I was also hoping to find some new "how-tos." Although there is no chapter called "How to Get It Together After It All Fell Apart," I found plenty of helpful ideas. When I read it the first time, my kids were quite a bit younger (6 and 9 - they are now almost 9 and 12). So much of the literature you see shared on Waldorf pages and groups is for the younger children - so little seems targeted at parents of older ones. She describes the Nine Year Change and how she navigated it with her class so well. She included helpful stories and anecdotes about 11- and 12-year olds and how to keep "reality-based wonder" alive for the child "who wants to know the truth, the facts behind the apparition." (p. 55) I just soaked up her beautiful descriptions of what that looks like for older children, and especially for children that have experienced trauma (this past year was definitely a trauma for my kids). I was particularly struck this read by her experience building a child's self-confidence, something I feel my own children need more of after a year of feeling powerless against an invisible scourge. She reminded me to balance order and spontaneity, to be vigilant about not being "enslaved by my own perpetual concerns about the judgments of others" (p. 29), and I found lots of little practical tidbits like using my flute for musical transition cues, meditating on an inner picture of my children each night - things I knew once upon a time, but that had flown right out of my brain, probably to make room for things like laundering masks and santizing surfaces.


In my first review, I wrote:


"The emphasis on story is, for this reader, the best part of A Gift of Wonder. Using stories is really the perfect way to convey the essence of Waldorf education since story is the Waldorf way. If you are new to Waldorf education, perhaps one of the first essentials is to understand that Steiner advocated teaching not through dry facts, lists, and information, but through narrative. His idea was that teaching through story allows the student to internalize and interpret information for themselves, gleaning from it exactly what the individual needs in that moment. Over time, the story remains with the hearer, working on their inner being, and unlocking understanding and insight. Allsup has done this beautifully for her adult readers."


My takeaways from this second reading support this way of teaching once again. I read the same book two years ago but I was not the same person. It was the same story, but I created a different picture. I read the same words, but heard a different message. I found so much of what I needed in this moment.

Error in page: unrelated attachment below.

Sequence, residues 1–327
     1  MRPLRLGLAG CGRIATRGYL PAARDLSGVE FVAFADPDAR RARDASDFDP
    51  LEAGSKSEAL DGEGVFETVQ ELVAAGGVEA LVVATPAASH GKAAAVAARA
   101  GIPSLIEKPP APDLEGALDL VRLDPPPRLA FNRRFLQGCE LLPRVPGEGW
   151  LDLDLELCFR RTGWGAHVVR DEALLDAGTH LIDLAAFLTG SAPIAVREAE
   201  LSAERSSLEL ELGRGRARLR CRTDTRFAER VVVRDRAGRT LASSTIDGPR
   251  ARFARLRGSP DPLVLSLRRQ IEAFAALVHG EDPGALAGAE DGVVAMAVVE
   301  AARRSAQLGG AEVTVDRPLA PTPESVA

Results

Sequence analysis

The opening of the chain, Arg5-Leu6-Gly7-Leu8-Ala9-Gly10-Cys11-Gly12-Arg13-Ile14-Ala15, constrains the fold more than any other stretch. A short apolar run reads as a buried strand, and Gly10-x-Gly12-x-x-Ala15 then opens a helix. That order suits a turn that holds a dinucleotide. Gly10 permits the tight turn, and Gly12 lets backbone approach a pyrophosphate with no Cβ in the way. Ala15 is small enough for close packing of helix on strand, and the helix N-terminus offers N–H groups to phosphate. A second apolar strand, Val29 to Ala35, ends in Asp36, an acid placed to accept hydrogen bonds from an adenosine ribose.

In this moment, I needed all the little morsels that fed my comfort-food hungry little soul! "I didn't tell them that they would spend much of their adult lives fixing things that were not their fault," she writes of her students tasked with bending in nail points that other people pounded in so that no one gets hurt. I was deeply moved by her description of a spider web that seems suspended miraculously by nothing in mid-air. (How often this year have we felt like nothing is holding us up, but somehow we kept floating?) And in the midst of feeling so overwhelmed to fix all the things, reading, "I had learned that it was not solely up to me to meet the needs of my students," and that connection is essential were just just the things I needed to hear.


I can't fix everything that has gone awry. I can't make up for all the losses, the fear, the anxiety, the uncertainty of the past year. What I can do is connect with my kids and create opportunities for wonder to help bring us all back into balance. (p. 124). There are amazing, awe-inspiring, achingly beautiful things and people in this world - and we are going to find them in our lessons and in our adventures in 2021/2022. I still have so many things to think about, but creating opportunities for wonder and connection will be top priorities after re-reading this gorgeous book.


Have you read A Gift of Wonder? I challenge you to re-read it. If you have not read it, you can purchase your copy here. It is one of my very favorites on this Waldorf-inspired path.


Sources for A Gift of Wonder :

Signed from the author: $19 via PayPal to: https://www.paypal.me/authordirect free shipping within the US

Indiebound http://bit.ly/2Faj9LI

Amazon: https://amzn.to/2EcX8fF

The Publisher: http://bit.ly/2F58G4k

Floris Books for European orders http://bit.ly/2F5fUWQ

Booktopia for Australian orders http://bit.ly/2TozYXm